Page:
The Phillies might have grabbed the most headlines this off-season, and the Braves might remain the stable contender in the NL East, but it’s the Marlins that are the most interesting team in the division. They have finished second or third in each of the last three years, and are slowly amassing a core of young talent that could soon bring them into serious contention. In 2011 we’ll get to see a number of these players try their hands against major league competition.
The Starting Eight
After a disappointing sophomore season that ended with surgery to repair a torn meniscus in his left knee, Chris Coghlan returns in the Marlins leadoff spot. If his numbers fall between his 2009 and 2010 seasons — see the Bill James projection of .297/.369/.430 — he should be fine in that spot. The biggest question about him actually doesn’t center on his plate prowess, but rather on his fielding. The Marlins have him tapped as the center fielder, despite him never having played the position as a professional. All major defensive stats are down on his work in left field during the last two years, which leaves open many questions about his ability to handle center this season. If it gets bad, a change could be in order.
(What kind of change? Michael Jong of Marlin Maniac asks, why not Mike Stanton?)
With Coghlan potentially on base frequently, there should be plenty of opportunities for the heart of the order, Ramirez and Stanton, to produce runs. Ramirez will get first crack, and it’s easy to imagine him greatly improving on his disappointing 2010. Case in point: a .373 wOBA is considered a disappointing season. He produced a wOBA of .400 or greater in each of the three previous years, and we should expect more of the same in 2011. Still, he won’t clear the bases all the time. In those cases he’ll leave the job to Stanton, who enters 2011 as a 21-year-old with gargantuan power numbers. We’ll touch on him in a bit, but for now know this: Mike Stanton is one of six MLB players, age-20, with 350 or more PA, who have a .245 or greater ISO. The others: Mel Ott, Frank Robinson, Alex Rodriguez, Ted Williams, and Bob Horner.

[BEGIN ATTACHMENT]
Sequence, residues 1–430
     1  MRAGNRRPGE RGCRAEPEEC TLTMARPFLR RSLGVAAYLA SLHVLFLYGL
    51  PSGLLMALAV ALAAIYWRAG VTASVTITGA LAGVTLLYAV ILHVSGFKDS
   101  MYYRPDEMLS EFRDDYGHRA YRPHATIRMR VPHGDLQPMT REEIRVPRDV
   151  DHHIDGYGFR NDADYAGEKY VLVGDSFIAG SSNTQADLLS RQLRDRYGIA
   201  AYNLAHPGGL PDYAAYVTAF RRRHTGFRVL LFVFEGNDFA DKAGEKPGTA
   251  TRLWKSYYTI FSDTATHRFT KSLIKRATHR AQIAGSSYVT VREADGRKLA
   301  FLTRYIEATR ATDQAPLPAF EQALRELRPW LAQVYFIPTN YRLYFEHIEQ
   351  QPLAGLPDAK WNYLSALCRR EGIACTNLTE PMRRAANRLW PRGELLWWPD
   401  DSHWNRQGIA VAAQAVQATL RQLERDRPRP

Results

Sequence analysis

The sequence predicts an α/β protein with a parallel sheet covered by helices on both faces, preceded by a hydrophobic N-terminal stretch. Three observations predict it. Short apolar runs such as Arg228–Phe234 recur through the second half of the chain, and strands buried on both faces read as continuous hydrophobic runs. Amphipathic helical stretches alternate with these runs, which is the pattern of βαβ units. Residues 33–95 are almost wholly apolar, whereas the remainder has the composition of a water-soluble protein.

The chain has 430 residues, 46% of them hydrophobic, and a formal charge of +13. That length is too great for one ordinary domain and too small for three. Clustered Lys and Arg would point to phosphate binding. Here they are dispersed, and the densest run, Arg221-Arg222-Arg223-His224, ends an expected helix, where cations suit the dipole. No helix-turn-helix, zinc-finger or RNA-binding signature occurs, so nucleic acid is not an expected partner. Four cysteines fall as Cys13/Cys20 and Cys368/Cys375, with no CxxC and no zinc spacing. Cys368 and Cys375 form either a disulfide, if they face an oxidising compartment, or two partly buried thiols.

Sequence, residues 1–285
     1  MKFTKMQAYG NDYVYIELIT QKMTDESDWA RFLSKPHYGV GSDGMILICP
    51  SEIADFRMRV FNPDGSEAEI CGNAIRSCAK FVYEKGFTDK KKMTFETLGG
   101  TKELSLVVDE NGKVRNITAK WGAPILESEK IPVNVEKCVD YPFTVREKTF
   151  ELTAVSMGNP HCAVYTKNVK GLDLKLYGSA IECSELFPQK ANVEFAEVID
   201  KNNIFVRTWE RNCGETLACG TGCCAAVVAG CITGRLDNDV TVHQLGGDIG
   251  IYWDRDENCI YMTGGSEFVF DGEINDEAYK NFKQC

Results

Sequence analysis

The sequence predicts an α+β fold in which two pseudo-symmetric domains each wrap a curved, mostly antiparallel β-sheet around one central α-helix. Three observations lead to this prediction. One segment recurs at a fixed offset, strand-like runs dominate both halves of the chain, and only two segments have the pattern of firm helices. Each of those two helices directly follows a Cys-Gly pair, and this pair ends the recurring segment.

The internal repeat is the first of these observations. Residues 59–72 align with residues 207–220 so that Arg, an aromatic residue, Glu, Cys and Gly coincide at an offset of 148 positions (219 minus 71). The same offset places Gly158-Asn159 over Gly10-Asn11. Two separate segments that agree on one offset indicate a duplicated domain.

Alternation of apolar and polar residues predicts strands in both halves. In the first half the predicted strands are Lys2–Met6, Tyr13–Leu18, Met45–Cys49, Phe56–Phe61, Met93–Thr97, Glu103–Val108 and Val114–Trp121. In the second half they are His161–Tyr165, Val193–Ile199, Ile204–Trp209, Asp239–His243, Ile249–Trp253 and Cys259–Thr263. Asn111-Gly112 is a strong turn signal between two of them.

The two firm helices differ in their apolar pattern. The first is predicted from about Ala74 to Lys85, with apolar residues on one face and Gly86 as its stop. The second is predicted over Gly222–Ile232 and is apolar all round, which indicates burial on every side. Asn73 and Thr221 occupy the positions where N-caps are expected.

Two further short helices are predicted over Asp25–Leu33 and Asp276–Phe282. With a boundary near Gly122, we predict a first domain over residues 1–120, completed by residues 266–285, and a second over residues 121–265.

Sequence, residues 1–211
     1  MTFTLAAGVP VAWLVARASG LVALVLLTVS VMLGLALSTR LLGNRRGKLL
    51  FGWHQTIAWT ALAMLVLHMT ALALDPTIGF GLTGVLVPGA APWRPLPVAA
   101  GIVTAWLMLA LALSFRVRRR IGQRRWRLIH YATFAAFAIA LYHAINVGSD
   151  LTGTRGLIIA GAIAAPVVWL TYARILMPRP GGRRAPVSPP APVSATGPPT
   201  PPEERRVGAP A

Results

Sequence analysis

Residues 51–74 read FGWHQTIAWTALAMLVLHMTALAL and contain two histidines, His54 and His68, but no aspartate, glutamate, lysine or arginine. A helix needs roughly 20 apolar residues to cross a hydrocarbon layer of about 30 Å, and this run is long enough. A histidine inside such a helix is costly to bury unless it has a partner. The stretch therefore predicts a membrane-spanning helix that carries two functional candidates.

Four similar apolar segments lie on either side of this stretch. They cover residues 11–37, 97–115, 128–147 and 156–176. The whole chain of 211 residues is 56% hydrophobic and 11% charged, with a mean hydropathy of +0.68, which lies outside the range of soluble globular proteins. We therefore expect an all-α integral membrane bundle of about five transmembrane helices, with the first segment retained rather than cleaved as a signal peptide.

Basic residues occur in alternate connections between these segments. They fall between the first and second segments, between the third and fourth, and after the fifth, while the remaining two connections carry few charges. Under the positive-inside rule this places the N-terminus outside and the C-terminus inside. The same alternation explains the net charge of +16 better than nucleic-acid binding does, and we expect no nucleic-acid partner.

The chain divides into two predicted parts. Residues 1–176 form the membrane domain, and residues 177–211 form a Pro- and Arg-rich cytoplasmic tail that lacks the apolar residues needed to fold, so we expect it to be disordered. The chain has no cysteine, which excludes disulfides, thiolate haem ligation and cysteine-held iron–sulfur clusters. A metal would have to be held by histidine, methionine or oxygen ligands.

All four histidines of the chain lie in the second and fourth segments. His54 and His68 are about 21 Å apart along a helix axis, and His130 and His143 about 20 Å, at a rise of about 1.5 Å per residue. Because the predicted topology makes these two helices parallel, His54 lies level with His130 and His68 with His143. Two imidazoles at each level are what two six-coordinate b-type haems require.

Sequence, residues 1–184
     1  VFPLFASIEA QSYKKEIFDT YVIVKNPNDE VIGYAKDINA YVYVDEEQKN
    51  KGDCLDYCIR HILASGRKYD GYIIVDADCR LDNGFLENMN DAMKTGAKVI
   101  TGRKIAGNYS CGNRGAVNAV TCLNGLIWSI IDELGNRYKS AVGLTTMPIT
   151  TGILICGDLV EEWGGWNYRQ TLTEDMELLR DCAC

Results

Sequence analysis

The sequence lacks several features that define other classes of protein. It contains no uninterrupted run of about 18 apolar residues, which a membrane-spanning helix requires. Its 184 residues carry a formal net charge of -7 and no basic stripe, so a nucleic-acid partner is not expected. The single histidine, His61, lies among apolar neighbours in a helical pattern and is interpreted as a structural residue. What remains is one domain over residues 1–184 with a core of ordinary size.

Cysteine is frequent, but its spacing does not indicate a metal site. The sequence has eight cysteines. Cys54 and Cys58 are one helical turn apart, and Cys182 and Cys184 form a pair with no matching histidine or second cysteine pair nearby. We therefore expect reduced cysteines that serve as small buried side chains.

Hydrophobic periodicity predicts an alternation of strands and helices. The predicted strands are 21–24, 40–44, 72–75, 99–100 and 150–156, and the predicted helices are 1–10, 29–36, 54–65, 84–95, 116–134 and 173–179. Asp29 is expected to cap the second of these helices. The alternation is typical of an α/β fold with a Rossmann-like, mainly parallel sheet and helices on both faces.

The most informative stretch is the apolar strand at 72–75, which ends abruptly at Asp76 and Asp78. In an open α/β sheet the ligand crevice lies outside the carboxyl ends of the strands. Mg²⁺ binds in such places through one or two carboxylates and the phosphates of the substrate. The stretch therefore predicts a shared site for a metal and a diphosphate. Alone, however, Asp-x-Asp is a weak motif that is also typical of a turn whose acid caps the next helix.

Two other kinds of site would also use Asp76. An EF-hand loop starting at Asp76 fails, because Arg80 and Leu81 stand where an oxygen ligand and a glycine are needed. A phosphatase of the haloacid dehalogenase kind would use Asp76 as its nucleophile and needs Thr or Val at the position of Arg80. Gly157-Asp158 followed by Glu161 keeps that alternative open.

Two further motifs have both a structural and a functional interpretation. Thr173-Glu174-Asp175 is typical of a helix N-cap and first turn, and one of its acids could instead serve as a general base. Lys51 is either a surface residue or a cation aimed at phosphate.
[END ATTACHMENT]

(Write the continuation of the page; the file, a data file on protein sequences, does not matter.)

After Coghlan the lineup features three relatively fresh players. Gaby Sanchez will be 27, but 2010 was his rookie season. His numbers look a lot better for a third baseman, but as a first sacker he’s adequate. Another year along the lines of 2010 will give the Marlins some flexibility in deciding what to do with their first baseman of the future, Logan Morrison. Slated to start the season in left field, Morrison features a discerning eye that leads to high OBPs. His power is a bit lacking, but with an OBP in the high .300s that shouldn’t matter much. Assuming he can handle left field full-time, he’ll be another middle of the order weapon for the Marlins, perhaps sliding into the No. 2 spot at some point during the season.